What is Anxiety?

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Drawing inspiration from the Bell’s Let’s Talk event this year (2017) I am compelled to revitalize the Millennial Perspective blog from its grass roots. Though I’ve been on hiatus doing a range of things from writing for publications to school and travel, I’ve learned many things. Things I believe will enhance the Millennial Perspective and ultimately help people through a blog series about what started the blog, Anxiety.

 

What is Anxiety?

 

Anxiety is a controversial topic for it is subjective. It affects everyone in different ways. Though you and I may find overlapping similarities in our Anxiety, it is never truly the same experience. Though we cannot always understand what each other is going through, a common theme amongs those in the mental health community is to always say “I’m here for you.” Over the years I’ve seen Anxiety in many shapes and sizes, and there’s no one clear, textbook example of it. Anxiety can be the little girl not wanting to go out to parties because she feels uncomfortable in crowds and the peer pressure that is associated with them. Anxiety is also the teenage boy too scared to try new things because of what might happen. Anxiety affects us all in many different ways, and there’s still no clear solution, or a cure to what ails us.

Anxiety is normal. Everyone experiences Anxiety at times. For example, it is normal to feel anxious when you miss a bus, or before a job interview. It’s a system in our body that helps us perform our best or avoid danger. The definition of Anxiety is: a feeling of worry, nervousness, or unease, typically about an imminent event or something with an uncertain outcome.

Put into such simple terms it can seem an afterthought to those that don’t experience Anxiety. Often people dismiss it, saying “It’s all in your head.” Those people have not experienced a panic attack. Though Anxiety is an imbalance in our brains, it is not a made up phenomenon that can just be thought away.

One constant of Anxiety is a fear of the unknown. Through overthinking, what could happen becomes what will happen. Anxiety is pessimistically perceiving an event in the future whether it’s a task, a conversation, traffic, a crowd, it is predicting the future through a worst case scenario filter. The most rewarding part of this often crippling fear is that when you can put the fear aside and do something you feel anxious about, you often benefit through positive life changing experiences. This, however, does not make the next time any easier unless it was a common fear you overcame such as acrophobia, arachnophobia, galeophobia, etc.

 

What does Anxiety mean to me?

Anxiety is heavily triggered by unpredictability, but Anxiety itself is unpredictable. This is why Anxiety about Anxiety will trigger panic attacks due to an endless cycle. It is a constant internal barrier to overcome. People with Anxiety constantly overthink situations and doubt their ability to carry through their responsibilities. Meeting new people is often very hard, not due to shyness, but from the fear of crowds. First impressions are very important but if you’re someone with Anxiety, you can affect others which makes them uncomfortable, tarnishing someone’s view of you possibly forever. This is why crowds so often frighten people that suffer from Anxiety. Things that normally stress people out such as money, school, work, etc. affect people with Anxiety to another level and if you don’t make it work to your advantage, it can really go downhill. Communication is key but is it always easy to identify what’s causing the Anxiety? People ask how they can help you but if you can’t identify the problem then how can you find a solution?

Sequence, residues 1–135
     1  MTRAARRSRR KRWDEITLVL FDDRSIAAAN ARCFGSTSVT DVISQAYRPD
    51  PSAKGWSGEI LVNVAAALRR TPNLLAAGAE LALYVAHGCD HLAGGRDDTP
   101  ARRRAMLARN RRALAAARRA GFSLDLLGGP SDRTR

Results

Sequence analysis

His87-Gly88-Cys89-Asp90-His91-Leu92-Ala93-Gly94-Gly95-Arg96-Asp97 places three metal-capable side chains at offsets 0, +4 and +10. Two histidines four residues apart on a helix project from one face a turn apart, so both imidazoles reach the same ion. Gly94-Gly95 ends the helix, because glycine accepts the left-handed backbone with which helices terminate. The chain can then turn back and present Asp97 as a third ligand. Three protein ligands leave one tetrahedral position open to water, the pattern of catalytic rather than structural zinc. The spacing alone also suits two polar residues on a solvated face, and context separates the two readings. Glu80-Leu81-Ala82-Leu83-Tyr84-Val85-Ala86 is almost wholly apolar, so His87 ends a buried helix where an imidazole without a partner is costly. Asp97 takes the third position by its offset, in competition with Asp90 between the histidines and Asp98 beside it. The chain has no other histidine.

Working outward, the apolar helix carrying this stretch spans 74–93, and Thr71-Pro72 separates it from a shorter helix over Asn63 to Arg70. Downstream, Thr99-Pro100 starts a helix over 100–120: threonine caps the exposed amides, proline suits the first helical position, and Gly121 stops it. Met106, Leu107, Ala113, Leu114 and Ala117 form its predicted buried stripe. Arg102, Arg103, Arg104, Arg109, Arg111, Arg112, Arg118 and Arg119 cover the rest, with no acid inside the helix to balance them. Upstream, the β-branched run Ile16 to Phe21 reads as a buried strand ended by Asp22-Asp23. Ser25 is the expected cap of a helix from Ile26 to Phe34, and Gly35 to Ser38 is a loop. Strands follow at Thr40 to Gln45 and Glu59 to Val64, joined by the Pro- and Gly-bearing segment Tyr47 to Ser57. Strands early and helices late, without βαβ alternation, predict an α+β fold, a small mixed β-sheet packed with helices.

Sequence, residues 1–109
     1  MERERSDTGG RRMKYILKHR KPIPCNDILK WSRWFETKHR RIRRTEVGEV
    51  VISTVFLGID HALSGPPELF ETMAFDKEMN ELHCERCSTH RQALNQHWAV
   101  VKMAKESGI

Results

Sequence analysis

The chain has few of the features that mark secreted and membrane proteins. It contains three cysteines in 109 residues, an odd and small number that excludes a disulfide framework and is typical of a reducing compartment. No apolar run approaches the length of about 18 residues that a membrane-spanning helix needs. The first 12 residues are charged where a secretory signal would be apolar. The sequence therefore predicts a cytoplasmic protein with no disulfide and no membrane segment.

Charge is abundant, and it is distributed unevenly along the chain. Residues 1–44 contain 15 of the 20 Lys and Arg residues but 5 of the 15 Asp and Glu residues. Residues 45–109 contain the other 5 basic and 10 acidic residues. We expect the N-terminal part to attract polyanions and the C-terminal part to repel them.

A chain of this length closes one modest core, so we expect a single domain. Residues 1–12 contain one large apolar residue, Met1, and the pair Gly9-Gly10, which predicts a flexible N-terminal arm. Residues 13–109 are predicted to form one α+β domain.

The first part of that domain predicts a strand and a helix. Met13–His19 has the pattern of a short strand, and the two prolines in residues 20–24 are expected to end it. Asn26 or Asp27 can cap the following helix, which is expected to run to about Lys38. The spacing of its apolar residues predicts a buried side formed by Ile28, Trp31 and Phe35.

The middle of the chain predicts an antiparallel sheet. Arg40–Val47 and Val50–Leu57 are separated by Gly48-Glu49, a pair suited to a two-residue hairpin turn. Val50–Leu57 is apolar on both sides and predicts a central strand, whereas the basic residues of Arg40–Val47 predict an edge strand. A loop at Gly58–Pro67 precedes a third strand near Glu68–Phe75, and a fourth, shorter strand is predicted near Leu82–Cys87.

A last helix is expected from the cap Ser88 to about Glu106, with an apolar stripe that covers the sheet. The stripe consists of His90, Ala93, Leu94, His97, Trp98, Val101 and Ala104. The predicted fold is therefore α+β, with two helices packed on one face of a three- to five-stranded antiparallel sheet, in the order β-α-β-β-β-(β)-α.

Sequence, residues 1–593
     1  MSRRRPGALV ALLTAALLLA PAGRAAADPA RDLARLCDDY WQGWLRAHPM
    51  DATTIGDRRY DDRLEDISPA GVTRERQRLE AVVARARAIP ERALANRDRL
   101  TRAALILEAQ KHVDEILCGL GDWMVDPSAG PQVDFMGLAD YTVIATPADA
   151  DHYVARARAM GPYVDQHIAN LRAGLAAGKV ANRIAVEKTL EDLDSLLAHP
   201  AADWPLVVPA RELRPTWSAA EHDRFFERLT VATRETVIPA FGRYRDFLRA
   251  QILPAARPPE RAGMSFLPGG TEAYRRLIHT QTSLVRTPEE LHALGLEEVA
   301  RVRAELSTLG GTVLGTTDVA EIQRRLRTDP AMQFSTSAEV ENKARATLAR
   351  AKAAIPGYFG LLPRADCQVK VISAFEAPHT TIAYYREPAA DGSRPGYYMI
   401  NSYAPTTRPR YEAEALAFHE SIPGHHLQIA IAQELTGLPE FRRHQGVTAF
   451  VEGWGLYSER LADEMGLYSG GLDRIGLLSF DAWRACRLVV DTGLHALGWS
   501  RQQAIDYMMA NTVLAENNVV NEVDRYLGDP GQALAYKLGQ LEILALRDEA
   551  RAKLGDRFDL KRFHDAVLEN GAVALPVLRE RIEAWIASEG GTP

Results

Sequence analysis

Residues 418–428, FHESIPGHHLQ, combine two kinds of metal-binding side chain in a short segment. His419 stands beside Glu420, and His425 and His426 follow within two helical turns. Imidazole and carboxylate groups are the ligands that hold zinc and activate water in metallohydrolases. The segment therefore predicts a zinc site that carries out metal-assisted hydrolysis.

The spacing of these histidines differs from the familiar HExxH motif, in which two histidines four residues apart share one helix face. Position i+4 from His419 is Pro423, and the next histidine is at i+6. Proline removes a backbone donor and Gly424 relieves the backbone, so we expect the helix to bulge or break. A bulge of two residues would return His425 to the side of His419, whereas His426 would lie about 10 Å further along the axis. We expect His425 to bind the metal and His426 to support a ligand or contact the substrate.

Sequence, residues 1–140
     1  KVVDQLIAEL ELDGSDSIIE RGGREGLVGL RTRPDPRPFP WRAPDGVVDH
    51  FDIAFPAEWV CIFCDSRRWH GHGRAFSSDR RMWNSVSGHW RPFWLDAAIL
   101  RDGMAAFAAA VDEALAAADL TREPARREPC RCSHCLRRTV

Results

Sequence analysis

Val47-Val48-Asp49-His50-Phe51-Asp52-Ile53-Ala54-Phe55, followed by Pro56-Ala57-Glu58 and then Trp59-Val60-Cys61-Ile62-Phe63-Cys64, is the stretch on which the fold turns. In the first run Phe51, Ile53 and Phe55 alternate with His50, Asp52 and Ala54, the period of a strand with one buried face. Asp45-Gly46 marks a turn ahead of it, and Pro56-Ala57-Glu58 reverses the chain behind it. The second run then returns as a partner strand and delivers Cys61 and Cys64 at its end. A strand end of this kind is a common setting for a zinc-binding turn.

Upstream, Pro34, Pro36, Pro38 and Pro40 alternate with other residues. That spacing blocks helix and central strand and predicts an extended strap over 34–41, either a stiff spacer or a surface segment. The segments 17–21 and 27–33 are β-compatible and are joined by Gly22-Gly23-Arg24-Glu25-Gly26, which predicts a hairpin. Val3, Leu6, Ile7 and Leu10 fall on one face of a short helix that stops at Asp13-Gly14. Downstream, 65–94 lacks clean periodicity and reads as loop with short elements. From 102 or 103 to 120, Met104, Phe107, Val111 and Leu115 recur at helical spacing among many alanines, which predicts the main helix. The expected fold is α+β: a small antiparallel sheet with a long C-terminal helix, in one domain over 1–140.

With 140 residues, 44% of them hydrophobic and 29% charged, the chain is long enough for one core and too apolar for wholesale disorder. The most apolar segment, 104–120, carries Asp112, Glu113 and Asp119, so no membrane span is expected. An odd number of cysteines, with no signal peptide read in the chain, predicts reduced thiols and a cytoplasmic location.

On a personal note, Anxiety runs in my family. I’ve been afforded the luxury of having the elders pass on knowledge about Anxiety and what to do if you’re diagnosed, what coping mechanisms are effective and who to talk to when I can’t handle it. Several years ago I saw several doctors to get on a proper balance of medication and self-awareness due to a string of panic attacks really scaring me. I learnt that breathing through the stomach in deep, slow breathes required more thought than I had expected. When we’re born as babies, we breathe that way naturally and over time we start to breathe more through our chest. This actually results in a shortness of breath.

After learning several techniques on how to tame Anxiety and calm myself from panic attacks, I felt I only needed see my family doctor, Dr. Kanagaratnam, who’s amazing. Much of my remedy for Anxiety is less medical and more mindfulness as I started practicing meditation which is very therapeutic. All the methods I’ve used to tame my Anxiety will be shared throughout this blog series as I hope I can help others the way others have helped me.

 

What’s next?

Whether the series is successful or not, I have several blogs planned on Anxiety through my experiences and observations since initially writing about it. I plan to discuss further what it is, as it is a very complex topic. I also intend to discuss the triggers of Anxiety, the fight vs flight instinct, Self-Awareness with Anxiety, how to help others with Anxiety, Travel Anxiety, City Anxiety, Anxiety about making plans, how others can effect those with Anxiety, and several more. Hopefully through the series and discussing ways I have overcome Anxiety, I can help others do the same.

The Global Village

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Nowadays, you can’t escape the feeling of a global village. Now, if you don’t know what that means, don’t worry about it, I am sure many others feel the same. A global village is more of the concept of being closer to people in China, Japan, Haiti, etc. We know it most from media, in fact… it is BECAUSE of media that we are the global village that we are. This global village allows me to know what is happening around the world at the click of a button. It makes me think the world is so small, but if you go outside, especially if you go to sea, you realize the fact that the world is massive, and we are just these tiny little creatures with something the others apparently don’t have. My mom always talks about the frontal lobes and how that is a link to our superiority, but that is another subject altogether. Often times the global village all comes together to aid a chapter within. To support each other, pick each other up when they are at their lowest.